About the Center
Former President Richard Nixon established The Center for the National Interest in 1994 to serve as a voice for strategic realism in U.S. foreign policy. As he said at the time, “the United States has won the Cold War, but it has not yet won the peace.” Today, the Center seeks to stimulate debate, promote public understanding of U.S. foreign policy and international affairs, and define principled yet pragmatic policies to advance America’s national interest in the complex world of the twenty-first century.
The Center for the National Interest’s work spans a broad range of critical relationships and foreign policy challenges including U.S. ties with major powers such as China, Russia, Japan and America’s European allies; regional security in Asia and the Middle East; national security issues including armed conflict, terrorism and nuclear non-proliferation; and energy and climate change. The Center also publishes the prominent foreign policy magazine The National Interest, available bi-monthly in print and daily online at www.nationalinterest.org.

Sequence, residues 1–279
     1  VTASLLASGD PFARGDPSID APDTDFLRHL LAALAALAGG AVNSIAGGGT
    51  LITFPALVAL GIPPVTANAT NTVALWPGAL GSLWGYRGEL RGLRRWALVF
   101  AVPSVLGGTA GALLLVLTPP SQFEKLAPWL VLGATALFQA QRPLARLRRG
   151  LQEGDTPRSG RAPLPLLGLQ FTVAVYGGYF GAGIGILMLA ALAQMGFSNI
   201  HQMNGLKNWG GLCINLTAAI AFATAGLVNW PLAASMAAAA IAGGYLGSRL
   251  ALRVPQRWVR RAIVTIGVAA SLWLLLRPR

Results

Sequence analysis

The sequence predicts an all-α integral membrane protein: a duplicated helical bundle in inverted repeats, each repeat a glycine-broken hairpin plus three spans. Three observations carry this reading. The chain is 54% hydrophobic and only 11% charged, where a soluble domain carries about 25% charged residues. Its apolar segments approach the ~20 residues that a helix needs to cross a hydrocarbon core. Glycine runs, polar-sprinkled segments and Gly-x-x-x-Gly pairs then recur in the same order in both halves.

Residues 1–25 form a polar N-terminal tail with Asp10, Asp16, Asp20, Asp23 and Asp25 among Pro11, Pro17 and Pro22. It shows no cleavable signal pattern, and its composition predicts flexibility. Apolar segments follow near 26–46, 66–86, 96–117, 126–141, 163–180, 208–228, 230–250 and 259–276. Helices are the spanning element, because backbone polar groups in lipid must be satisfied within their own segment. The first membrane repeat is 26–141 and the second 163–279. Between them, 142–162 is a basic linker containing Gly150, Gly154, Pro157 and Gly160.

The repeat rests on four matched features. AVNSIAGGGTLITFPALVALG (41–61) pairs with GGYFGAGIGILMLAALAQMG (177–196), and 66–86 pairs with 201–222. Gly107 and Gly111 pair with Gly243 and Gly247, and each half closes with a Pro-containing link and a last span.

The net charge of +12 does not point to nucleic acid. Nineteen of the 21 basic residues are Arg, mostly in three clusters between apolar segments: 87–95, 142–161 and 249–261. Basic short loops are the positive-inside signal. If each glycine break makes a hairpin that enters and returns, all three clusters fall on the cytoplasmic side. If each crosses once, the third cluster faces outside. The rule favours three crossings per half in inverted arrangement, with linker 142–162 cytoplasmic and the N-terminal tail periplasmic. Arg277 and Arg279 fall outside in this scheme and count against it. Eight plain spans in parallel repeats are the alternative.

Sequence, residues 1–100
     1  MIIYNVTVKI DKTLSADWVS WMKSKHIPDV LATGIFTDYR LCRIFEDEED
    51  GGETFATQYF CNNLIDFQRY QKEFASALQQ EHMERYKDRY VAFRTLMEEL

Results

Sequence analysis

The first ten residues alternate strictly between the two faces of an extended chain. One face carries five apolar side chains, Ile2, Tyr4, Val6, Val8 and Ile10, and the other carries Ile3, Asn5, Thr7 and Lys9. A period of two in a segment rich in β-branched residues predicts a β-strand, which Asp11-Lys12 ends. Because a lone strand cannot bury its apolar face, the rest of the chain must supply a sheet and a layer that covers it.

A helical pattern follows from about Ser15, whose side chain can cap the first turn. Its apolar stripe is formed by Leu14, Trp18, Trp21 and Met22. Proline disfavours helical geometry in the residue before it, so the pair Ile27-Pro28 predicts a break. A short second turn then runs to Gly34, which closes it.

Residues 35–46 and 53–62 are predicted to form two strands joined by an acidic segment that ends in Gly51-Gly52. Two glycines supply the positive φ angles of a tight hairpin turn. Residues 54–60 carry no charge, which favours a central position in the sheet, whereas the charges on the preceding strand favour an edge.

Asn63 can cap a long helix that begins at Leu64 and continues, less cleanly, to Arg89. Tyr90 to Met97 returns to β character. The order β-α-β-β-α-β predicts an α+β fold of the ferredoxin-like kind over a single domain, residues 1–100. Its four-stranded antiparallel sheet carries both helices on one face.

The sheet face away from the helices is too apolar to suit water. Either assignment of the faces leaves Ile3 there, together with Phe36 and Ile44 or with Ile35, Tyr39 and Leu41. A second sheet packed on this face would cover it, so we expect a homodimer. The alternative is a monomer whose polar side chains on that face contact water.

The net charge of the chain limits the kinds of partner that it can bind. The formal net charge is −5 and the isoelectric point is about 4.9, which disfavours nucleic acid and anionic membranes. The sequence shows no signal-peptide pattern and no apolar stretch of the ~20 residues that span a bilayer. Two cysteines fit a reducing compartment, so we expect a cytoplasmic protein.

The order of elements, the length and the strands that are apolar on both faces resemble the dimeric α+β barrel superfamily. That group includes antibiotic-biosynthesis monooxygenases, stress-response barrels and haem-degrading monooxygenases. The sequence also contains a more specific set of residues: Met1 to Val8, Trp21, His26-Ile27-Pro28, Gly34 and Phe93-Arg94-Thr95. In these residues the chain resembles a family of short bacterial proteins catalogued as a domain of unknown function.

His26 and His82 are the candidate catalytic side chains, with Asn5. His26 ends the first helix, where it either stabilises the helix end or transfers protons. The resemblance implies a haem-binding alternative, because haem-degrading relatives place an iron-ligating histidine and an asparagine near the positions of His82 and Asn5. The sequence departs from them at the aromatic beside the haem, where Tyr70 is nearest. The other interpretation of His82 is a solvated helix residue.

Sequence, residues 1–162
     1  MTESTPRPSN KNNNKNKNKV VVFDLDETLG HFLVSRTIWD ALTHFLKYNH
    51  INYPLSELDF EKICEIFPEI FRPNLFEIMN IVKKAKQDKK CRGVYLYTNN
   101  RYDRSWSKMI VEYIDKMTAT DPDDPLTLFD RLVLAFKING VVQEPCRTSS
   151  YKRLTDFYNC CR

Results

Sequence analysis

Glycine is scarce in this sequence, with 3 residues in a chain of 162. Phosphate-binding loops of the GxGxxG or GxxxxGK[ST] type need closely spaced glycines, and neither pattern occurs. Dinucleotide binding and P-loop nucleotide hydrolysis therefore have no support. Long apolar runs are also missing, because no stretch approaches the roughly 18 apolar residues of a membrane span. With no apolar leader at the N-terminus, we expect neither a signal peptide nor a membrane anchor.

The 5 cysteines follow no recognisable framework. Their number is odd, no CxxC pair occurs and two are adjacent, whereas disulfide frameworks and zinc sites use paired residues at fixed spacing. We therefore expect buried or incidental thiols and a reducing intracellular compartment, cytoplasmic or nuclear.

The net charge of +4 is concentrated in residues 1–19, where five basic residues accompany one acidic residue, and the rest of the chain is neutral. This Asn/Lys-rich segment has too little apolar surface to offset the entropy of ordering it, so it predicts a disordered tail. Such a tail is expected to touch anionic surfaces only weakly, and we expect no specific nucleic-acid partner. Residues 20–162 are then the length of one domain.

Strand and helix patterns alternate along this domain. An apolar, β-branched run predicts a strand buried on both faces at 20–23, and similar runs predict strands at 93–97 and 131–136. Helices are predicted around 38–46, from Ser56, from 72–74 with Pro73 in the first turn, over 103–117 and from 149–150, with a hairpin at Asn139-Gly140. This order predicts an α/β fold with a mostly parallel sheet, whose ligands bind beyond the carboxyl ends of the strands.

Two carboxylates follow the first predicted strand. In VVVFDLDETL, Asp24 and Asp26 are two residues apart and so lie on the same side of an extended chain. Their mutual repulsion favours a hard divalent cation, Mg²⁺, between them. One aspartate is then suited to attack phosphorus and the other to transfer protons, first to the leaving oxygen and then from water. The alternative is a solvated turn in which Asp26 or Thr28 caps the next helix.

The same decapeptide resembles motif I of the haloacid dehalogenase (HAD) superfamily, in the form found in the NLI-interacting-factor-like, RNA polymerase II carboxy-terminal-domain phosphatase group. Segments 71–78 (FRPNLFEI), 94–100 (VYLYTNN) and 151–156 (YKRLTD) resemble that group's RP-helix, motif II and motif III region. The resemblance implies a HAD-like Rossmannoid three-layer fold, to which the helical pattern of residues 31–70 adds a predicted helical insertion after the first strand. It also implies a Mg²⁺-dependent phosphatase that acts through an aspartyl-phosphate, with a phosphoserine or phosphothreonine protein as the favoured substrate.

The Center is a non-partisan non-profit organization with a bi-partisan board of directors and advisory council. Its offices are in downtown Washington, DC. Originally a programmatically and substantively independent division of the Richard Nixon Library and Birthplace Foundation, the Center for the National Interest was known as The Nixon Center until 2011, when it became a fully separate entity. The Center became the sole publisher of The National Interest in 2005 after serving as a partner in publishing the magazine since 2000, when National Affairs, Inc. sold the The National Interest. The National Interest was founded in 1985.